UNIT 19.1 Detecting the Signatures of Adaptive Evolution in Protein-Coding Genes

  1. Joseph P. Bielawski

Published Online: 1 JAN 2013

DOI: 10.1002/0471142727.mb1901s101

Current Protocols in Molecular Biology

Current Protocols in Molecular Biology

How to Cite

Bielawski, J. P. 2013. Detecting the Signatures of Adaptive Evolution in Protein-Coding Genes. Current Protocols in Molecular Biology. 101:19.1:19.1.1–19.1.21.

Author Information

  1. Department of Biology, Department of Mathematics & Statistics, Dalhousie University, Halifax, Nova Scotia, Canada

Publication History

  1. Published Online: 1 JAN 2013
  2. Published Print: JAN 2013


The field of molecular evolution, which includes genome evolution, is devoted to finding variation within and between groups of organisms and explaining the processes responsible for generating this variation. Many DNA changes are believed to have little to no functional effect, and a neutral process will best explain their evolution. Thus, a central task is to discover which changes had positive fitness consequences and were subject to Darwinian natural selection during the course of evolution. Due the size and complexity of modern molecular datasets, the field has come to rely extensively on statistical modeling techniques to meet this analytical challenge. For DNA sequences that encode proteins, one of the most powerful approaches is to employ a statistical model of codon evolution. This unit provides a general introduction to the practice of modeling codon evolution using the statistical framework of maximum likelihood. Four real-data analysis activities are used to illustrate the principles of parameter estimation, robustness, hypothesis testing, and site classification. Each activity includes an explicit analytical protocol based on programs provided by the Phylogenetic Analysis by Maximum Likelihood (PAML) package. Curr. Protoc. Mol. Biol. 101:19.1.1–19.1.21. © 2013 by John Wiley & Sons, Inc.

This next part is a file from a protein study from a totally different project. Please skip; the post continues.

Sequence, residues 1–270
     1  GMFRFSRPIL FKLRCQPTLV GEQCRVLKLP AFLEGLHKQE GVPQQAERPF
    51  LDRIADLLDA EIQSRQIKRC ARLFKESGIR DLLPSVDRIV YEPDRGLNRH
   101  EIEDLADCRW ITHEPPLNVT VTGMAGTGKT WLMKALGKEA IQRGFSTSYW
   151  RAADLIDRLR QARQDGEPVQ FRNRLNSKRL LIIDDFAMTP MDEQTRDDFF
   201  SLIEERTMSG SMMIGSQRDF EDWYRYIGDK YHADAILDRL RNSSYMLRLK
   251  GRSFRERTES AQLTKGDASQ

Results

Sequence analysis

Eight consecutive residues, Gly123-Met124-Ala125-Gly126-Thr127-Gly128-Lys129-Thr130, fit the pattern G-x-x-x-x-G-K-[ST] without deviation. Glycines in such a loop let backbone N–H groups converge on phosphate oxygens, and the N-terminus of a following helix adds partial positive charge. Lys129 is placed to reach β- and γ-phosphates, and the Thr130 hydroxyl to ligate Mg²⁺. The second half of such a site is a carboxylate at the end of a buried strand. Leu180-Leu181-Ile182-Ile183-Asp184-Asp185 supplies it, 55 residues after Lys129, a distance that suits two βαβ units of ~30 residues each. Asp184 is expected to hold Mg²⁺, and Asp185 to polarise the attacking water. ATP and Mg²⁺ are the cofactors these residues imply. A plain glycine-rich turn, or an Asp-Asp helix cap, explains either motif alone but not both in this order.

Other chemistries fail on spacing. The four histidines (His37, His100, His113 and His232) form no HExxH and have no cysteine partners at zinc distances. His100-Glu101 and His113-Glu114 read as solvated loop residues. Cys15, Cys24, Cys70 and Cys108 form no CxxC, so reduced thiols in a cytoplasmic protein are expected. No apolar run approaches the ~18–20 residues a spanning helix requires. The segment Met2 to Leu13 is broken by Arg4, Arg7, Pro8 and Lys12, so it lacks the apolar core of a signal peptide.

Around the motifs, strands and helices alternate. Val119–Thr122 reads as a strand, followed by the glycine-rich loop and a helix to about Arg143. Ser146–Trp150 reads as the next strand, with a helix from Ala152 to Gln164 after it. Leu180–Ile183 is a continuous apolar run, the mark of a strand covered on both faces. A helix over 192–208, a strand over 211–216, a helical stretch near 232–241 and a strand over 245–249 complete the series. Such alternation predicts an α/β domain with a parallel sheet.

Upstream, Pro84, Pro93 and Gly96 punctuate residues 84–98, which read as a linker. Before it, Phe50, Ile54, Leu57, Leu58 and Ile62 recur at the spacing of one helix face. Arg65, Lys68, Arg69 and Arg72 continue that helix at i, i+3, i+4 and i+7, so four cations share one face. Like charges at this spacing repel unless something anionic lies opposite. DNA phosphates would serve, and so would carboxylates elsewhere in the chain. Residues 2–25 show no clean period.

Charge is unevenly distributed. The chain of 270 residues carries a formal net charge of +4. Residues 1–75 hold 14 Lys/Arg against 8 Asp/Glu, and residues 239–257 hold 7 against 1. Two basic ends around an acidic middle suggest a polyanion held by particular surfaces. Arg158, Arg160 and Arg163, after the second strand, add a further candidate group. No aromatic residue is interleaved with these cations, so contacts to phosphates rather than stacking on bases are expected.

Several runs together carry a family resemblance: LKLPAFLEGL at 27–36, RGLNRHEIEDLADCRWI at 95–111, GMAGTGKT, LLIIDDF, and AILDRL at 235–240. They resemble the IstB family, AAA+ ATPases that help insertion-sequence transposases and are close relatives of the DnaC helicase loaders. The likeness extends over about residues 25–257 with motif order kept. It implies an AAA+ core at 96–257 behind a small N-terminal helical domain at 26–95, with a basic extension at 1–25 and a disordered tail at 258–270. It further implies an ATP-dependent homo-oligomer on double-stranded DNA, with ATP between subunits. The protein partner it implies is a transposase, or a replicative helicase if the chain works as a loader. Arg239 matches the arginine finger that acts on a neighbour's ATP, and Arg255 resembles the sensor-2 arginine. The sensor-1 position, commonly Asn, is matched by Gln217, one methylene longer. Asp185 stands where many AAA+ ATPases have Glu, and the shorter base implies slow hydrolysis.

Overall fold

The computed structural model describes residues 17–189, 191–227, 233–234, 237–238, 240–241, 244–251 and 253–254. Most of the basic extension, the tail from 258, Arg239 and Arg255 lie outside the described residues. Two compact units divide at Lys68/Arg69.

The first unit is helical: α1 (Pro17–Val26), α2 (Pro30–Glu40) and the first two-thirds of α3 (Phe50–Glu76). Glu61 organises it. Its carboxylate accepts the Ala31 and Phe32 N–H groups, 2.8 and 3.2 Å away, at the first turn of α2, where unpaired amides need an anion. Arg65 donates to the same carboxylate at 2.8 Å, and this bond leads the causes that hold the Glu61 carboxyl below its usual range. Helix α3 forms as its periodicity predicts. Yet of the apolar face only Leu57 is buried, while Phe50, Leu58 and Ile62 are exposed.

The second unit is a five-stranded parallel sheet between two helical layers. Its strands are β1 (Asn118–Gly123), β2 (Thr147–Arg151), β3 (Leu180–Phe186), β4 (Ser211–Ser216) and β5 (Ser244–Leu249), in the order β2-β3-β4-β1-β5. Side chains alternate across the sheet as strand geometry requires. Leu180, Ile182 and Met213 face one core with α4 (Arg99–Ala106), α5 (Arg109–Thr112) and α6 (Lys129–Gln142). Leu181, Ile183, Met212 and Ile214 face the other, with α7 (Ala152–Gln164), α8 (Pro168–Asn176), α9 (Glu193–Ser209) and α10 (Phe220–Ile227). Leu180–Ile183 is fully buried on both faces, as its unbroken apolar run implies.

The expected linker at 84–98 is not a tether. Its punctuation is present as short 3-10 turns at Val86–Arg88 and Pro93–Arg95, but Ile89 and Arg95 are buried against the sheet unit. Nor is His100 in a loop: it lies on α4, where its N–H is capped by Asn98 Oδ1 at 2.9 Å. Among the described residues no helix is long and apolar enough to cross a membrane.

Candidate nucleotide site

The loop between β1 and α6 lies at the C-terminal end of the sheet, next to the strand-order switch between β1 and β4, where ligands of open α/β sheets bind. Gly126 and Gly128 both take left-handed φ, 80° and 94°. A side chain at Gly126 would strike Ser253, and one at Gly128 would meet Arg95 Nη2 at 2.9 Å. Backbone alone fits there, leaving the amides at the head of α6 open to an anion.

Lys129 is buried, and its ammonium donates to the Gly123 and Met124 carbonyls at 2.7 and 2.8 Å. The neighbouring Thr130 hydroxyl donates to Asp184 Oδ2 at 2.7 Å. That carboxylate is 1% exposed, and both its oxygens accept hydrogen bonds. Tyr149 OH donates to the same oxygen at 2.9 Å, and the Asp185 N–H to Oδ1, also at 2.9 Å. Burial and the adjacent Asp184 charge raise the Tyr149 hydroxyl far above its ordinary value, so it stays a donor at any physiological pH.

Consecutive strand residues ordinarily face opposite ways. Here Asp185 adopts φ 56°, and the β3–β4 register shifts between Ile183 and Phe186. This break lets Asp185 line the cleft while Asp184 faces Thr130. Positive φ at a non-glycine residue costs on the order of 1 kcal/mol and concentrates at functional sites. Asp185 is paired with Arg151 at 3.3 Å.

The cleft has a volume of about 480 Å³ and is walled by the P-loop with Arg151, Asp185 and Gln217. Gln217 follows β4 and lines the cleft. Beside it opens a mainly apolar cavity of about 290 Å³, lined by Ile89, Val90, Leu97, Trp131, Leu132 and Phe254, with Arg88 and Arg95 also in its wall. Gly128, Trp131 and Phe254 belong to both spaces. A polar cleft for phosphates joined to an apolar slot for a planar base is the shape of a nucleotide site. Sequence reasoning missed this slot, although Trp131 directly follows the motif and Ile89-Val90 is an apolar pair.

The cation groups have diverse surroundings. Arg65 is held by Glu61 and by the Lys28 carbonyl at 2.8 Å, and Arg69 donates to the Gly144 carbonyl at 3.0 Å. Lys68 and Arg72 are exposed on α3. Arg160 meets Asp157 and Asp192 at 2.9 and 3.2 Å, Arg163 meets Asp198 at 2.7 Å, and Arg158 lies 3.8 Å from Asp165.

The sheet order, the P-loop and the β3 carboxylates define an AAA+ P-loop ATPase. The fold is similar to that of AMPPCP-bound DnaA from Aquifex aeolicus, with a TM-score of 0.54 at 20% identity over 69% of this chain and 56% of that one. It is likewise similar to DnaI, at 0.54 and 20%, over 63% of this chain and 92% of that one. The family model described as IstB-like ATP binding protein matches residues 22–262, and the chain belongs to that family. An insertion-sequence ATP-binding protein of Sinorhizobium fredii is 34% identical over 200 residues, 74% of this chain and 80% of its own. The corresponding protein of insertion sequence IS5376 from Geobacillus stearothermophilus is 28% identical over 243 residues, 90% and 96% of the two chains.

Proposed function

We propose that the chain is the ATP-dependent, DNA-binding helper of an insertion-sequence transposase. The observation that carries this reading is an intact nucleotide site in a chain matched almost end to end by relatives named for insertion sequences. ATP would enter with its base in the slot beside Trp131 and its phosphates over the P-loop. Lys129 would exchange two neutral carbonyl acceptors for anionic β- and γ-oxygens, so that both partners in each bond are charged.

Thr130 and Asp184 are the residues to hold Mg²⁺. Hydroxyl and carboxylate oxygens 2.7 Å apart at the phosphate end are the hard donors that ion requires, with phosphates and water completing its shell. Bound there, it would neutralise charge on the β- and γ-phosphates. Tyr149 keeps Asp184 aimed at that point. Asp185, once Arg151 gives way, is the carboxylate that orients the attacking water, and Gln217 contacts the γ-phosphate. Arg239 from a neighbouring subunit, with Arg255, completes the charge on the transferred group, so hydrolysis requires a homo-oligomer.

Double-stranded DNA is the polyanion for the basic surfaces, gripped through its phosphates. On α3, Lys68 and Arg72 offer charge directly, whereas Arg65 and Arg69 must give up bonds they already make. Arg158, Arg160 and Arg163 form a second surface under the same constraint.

• molecular evolution;
  • protein evolution;
  • selection pressure;
  • codon models;
  • maximum likelihood